Up to 6 relays. (Set by a constant so trivial to increase)
Relay channel can force another relay channel to activate. Useful as most
booster pumps require the filter pump to be on before booster is activated.
Up to 4 temperature probes. (Set by constant so trival to increase, Hardware limits to 7 analog channels though.)
Temperature probes can be either 10K or 50K thermistors.
10K thermistors are pretty standard for pool probes and I had a bunch of 50K Vishay
thermistors for extra temperature probes. But if you have other thermistors, just
add an entry with the thermistors constants into the table.
Any relay can be activated if a freeze condition is detected.
The program runs all the time as a daemon, and is started in the rc.local
on the beaglebone. I also discovered an even cheaper version of the beaglebone
called a beaglebone green(BBG), which drops the HDMI output. I opted to go with this
even more barebones version since I did not need HDMI. From bone scratch, I did the
following to the BBG.
Setup my wireless network using wicd-curses. Initial login is via
hard wired ethernet port.
Add the line CAPE="cape-bone-iio" to capemgr.sh in /etc/init.d.
This sets up analog.
In rc.local change #!/bin/sh -e to #!/bin/sh +e to ignore errors
In rc.local add echo 41 > /sys/class/gpio/export to make a gpio pin available. In my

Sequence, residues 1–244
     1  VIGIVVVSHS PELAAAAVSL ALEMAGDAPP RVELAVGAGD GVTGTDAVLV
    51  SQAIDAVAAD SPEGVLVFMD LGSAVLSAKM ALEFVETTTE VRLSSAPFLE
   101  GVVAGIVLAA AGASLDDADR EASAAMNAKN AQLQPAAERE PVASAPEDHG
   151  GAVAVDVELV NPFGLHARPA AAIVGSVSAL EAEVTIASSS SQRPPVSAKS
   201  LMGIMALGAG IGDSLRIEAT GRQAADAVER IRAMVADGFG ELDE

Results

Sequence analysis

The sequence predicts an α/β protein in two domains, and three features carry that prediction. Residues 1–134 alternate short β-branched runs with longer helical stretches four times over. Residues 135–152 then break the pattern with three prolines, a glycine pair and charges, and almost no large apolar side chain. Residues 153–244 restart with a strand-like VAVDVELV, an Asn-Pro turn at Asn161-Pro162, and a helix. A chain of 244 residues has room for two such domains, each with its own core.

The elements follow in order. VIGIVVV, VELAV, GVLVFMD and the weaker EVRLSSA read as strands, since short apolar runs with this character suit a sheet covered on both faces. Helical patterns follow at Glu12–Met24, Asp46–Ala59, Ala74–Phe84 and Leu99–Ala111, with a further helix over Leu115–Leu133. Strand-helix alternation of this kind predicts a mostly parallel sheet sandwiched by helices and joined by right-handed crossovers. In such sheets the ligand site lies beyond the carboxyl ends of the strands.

case, I made a total of 6 pins available.
In rc.local add echo none > /sys/class/leds/beaglebone\:green\:usr1/trigger to make
led usr1 available for program use. In my case I setup led1 and led2 for program use.
In /etc fix localtime with a symlink to /usr/share/zoneinfo/??? wherever you are located.
Turn off any services you are not going to need. In my case I disabled apache, cloud9,
avahi, bluetooth, xrdp and jekyll-autorun. I also uninstalled some stuff that is not used
to free up some space. Probably unnecessary as the controller does not write anything
I also tweaked up the cron.* directories to eliminate any unnecessary stuff and added
a script to update a file called /etc/timestamp with the date once per day. I also tweaked up
the way the BBG sets up the time to query a machine on my network for the current date/time.
The setting is located in the file /etc/default/ntpdate.
Because the BBG does not have a real time clock, setting up the way it handles the date is
a little more important. Note the C program waits a bit as it is started before the BBG
has established the correct time, as rc.local is fired before the BBG has joined the network.
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